The Gambit Weekly
Flavors and personalities persist after a neighborhood joint switches neighborhoods.
By Ian Mcnulty
When it comes to po-boys, personal preference must be informed by some blend of convenient proximity, experiences had at an impressionable age or perhaps even the history and personality behind a particular po-boy shop. All of those dynamics are vividly at work at Koz’s, a casual lunch spot in Harahan that is proving the portability of an erstwhile Gentilly neighborhood joint.
Koz’s is the reincarnation of the Po-boy Bakery, which had been in business on Franklin Avenue near Filmore Avenue since the early 1960s. The place had been the roost for Gary ‘Koz” Gruenig ever since the day in 1965 when, at age 12, he was given a job there sweeping up after school. Not long after, a Po-boy Bakery regular conferred the nickname that would end up above the doors of his own business today.
‘I was kind of reckless on my paperboy bicycle, and I crashed it a lot,” says Gruenig. ‘I crashed it into a car one time and Xavier Viola was the cop who took the report. He said I was like a kamikaze pilot without the plane, and every time he came in to the shop he’d call me Koz.”
The name stuck, and so did Gruenig, who worked at the Po-boy Bakery alongside founder Jerry Seely for the next 40 years. In 1983, he and his family moved into the apartment above the shop. When Katrina struck, the levee failures put about 10 feet of floodwater in the building, destroying the business and the Gruenig’s home. Seely later moved to Eunice, La., but when a regular from the Po-boy Bakery offered the lease on an undamaged restaurant space in Harahan, the Gruenigs snapped it up. They opened their own restaurant, Koz’s, in December 2005.
The list of po-boys has the normal meat and seafood options, plus a Po-boy Bakery original, the barbecue ham po-boy. Another entry in the long tradition of New Orleans kitchen misnomers, the ham is not actually barbecued or covered in barbecue sauce. Rather, the sandwich is filled with rough but tender mixed bits that are cut off a baked ham, stewed in a salty, tangy jus and ladled in juicy scoops onto the bread. As Parasol’s is known for its roast beef and Liuzza’s by the Track for its barbecue shrimp po-boy, the barbecue ham po-boy is the stand-out item that made the Po-boy Bakery’s name among knowing palates. Now it says Koz’s. Officially available only on Saturdays, barbecued ham po-boys sometimes show up on the specials board on Mondays, too.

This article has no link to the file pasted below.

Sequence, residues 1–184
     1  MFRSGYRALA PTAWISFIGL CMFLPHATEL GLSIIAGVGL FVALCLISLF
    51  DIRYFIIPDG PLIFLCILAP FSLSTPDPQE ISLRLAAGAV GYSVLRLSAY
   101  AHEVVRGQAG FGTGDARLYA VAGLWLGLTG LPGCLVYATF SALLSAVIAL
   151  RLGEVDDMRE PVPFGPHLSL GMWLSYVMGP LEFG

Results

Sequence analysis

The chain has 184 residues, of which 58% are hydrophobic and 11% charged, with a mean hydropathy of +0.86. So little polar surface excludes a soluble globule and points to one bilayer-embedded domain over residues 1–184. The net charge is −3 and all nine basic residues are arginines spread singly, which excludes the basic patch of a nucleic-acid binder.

Another long-standing Po-boy Bakery specialty served here is the whole loaf po-boy, which proves a very good bargain if three or four people can agree on the filling and how it should be dressed. Only the seafood versions break the $20 mark. More often, though, these enormous, 32-inch-long po-boys are cut into small slices as party sandwiches.
Decadence reaches its peak with a po-boy called the Chamber of Horror. The name is a reference to the basketball gymnasium at the University of New Orleans, a cramped space back in the day when fans often made a fearsome racket to intimidate the Privateers’ opponent. In sandwich terms, this is a Frankenstein monstrosity done kitchen sink-style with roast beef, ham, turkey, Swiss and American cheeses, the normal vegetable dressings, raw white onion, gobs of mayo and Creole mustard and Italian salad dressing. It doesn’t taste like anything in particular, more like a deli case of leftovers crammed into the bread, but students of excess will find plenty to chew over.
Surprisingly, roast beef is not the strong point here. The tame gravy adds little to the thin sheets of beef and slices of garlic seem only to make an impact in those areas where you actually bite them. Seafood is much better, especially Koz’s way with oysters. Eating these incredibly crisp, audibly crunchy oysters means breaking through a crust on each fried nugget to release the tender oyster meat encased inside.
The gumbo has a thick, light-colored roux loaded with chicken, good-sized shrimp and deep red, smoky andouille. The plate lunches like red beans, meatloaf or country-fried steak arrive on trays with a supporting cast of sides and salads. Stuffed artichokes under domes of cellophane wait at the counter near the Hubig’s Pies.
The Po-boy Bakery wasn’t actually a bakery, although it did a bang-up business selling donuts made nearby at the Verbena Street Bakery, a long-gone Gentilly legend where the baking took place in the ground floor of a modest house. Today, Koz’s uses bread from John Gendusa Bakery in Gentilly, a softer, chewier loaf than the more common crackle-crusted, airy-crumbed variety of po-boy bread. Gruenig has it delivered to the door of his Uptown home each morning and brings it the rest of the way to Harahan himself, a relay-style accommodation that allows his suburban shop to use familiar Gentilly-made bread and saves the baker time and costly gas miles.
There can be no doubt that people in Gentilly miss the Po-boy Bakery, but today its flavors and personality live on in a new Harahan locale.